|Scones don't have to be sweet.|
Several years ago I finally broke down and invested in a cast-iron scone pan.
I was writing an article about scones for my weekly food column and figured I’d better have some first-hand knowledge. Since then I have periodically made sweet scones, usually pumpkin-raisin or cinnamon, but I wanted to try some savory scones this time. Why not scones with herbes de Provence?
Parmesan Scones with Herbes de Provence
- 1 cup pre-sifted all-purpose flour
- 1 cup whole-wheat pastry flour
- 1 Tablespoon baking powder
- ½-cup grated Parmesan cheese
- ¼-teaspoon salt
- 2 teaspoons Herbes de Provence
- ½-stick cold butter, cut into small pieces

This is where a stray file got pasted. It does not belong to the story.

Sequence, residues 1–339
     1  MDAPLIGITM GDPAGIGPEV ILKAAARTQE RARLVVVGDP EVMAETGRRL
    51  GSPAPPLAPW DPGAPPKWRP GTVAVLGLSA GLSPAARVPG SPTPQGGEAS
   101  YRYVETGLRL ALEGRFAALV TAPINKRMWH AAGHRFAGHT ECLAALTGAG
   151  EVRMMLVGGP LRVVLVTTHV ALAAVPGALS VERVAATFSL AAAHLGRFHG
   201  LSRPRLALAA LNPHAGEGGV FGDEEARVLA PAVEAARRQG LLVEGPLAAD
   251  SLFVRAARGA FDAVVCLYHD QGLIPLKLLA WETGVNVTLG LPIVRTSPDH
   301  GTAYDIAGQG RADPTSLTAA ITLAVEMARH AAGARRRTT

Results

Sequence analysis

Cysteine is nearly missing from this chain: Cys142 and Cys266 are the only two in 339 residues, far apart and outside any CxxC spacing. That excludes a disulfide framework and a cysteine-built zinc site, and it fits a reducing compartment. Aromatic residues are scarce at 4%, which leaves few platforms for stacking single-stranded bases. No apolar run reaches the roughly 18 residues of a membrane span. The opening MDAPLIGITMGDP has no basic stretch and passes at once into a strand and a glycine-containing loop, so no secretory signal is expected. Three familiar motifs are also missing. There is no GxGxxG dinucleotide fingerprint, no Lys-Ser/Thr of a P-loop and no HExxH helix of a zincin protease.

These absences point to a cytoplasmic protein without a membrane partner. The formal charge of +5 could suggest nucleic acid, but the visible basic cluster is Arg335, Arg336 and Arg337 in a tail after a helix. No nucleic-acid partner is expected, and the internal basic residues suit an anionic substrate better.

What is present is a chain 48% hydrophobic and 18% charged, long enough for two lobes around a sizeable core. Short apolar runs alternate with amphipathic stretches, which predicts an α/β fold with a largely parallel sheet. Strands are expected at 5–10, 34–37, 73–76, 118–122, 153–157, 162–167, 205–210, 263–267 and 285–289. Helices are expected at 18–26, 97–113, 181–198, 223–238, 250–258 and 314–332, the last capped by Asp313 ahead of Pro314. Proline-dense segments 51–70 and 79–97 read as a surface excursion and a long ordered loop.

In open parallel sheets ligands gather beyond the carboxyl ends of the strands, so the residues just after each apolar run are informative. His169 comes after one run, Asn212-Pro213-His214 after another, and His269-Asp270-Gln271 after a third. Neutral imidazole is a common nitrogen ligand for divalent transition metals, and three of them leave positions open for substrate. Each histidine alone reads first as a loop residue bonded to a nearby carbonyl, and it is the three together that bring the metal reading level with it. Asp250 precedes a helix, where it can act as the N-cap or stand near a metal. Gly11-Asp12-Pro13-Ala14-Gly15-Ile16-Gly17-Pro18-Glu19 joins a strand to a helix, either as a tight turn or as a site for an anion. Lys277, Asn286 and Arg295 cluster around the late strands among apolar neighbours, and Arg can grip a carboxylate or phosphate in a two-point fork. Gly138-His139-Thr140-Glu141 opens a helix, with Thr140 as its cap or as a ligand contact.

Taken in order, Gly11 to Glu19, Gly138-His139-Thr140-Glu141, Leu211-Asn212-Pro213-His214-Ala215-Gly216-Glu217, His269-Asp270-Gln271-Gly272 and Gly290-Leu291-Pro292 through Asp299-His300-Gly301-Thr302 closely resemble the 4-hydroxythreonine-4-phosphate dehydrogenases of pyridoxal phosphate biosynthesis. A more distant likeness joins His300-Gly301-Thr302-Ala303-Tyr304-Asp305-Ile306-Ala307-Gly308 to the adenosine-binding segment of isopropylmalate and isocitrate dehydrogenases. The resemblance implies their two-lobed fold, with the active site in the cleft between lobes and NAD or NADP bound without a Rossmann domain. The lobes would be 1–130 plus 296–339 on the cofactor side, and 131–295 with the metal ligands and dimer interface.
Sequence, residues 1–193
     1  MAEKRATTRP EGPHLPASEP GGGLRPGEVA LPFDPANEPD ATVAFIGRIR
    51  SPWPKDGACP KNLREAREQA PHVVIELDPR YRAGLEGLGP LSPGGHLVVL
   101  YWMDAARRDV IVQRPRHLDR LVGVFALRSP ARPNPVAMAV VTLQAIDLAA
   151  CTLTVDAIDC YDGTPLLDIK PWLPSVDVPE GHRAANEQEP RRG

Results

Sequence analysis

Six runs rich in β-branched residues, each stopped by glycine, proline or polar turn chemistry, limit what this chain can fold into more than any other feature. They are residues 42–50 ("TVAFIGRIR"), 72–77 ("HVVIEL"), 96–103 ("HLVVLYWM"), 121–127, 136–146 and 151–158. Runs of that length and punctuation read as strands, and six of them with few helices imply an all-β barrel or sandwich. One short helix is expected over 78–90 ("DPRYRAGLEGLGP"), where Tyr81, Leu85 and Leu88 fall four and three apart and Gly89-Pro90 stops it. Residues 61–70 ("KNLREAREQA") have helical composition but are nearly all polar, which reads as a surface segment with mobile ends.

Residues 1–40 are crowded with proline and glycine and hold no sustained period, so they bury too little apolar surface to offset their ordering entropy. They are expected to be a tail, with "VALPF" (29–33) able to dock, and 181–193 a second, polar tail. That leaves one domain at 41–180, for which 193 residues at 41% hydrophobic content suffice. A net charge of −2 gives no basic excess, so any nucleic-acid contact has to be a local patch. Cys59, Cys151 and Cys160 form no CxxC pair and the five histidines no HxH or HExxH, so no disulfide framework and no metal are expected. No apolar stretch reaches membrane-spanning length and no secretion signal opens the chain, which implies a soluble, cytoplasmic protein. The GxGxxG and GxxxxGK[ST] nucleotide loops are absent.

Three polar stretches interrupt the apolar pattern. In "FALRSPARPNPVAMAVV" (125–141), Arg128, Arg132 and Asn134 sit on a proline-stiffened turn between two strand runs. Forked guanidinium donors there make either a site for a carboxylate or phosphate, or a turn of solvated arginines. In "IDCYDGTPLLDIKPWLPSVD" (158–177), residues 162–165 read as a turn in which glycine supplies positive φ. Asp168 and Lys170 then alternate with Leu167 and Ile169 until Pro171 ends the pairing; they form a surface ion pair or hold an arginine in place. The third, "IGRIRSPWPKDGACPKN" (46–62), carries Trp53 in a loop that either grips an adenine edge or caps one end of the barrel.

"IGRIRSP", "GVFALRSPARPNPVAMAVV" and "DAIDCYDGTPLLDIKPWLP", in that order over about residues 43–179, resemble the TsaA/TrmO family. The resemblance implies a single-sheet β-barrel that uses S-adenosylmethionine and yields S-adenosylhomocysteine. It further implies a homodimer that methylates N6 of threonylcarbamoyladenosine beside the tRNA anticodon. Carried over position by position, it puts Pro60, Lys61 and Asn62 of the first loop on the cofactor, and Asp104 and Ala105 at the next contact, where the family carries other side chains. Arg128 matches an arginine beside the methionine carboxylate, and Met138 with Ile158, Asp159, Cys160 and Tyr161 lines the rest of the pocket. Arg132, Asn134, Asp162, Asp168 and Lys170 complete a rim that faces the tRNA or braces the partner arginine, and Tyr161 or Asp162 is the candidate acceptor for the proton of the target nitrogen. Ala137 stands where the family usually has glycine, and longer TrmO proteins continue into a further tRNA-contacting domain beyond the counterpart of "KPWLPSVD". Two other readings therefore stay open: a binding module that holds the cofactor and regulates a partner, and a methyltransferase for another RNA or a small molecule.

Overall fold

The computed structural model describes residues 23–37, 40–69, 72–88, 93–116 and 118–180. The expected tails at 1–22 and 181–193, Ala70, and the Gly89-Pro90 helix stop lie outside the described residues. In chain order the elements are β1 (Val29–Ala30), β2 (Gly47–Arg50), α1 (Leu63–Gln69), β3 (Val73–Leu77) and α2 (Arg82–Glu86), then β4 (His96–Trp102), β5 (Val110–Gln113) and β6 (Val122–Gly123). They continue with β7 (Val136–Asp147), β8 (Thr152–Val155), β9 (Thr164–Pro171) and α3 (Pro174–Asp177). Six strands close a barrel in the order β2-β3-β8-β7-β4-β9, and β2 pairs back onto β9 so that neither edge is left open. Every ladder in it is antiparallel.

- 1 large eggs
- 1 large egg yoke, reserve the white for glaze
- ½-cup buttermilk
Pre-heat oven to 450 degrees. Blend dry ingredients, including cheese, in a large bowl. Cut in the butter, working it into the flour with your fingers or with a pastry tool. Mixture should crumbly.
In a small bowl, blend egg, egg yoke and buttermilk. Gradually add to dry mixture until a sticky dough is formed. This is where an eight-section scone pan comes in handy. But you can also shape dough into round balls and place on a lightly greased baking sheet.
Beat leftover egg white, and brush each scone with it, sprinkling on additional Parmesan or herbs, if you like.
Bake scones for 10 minutes, or until golden brown. Makes 5-6 scones.
The delicate flavor of these scones pairs well with cheese as well as honey or jam. I thought butter with a lavender honey spread might be tasty.
Next time, I may increase the herbes de Provence for more zest.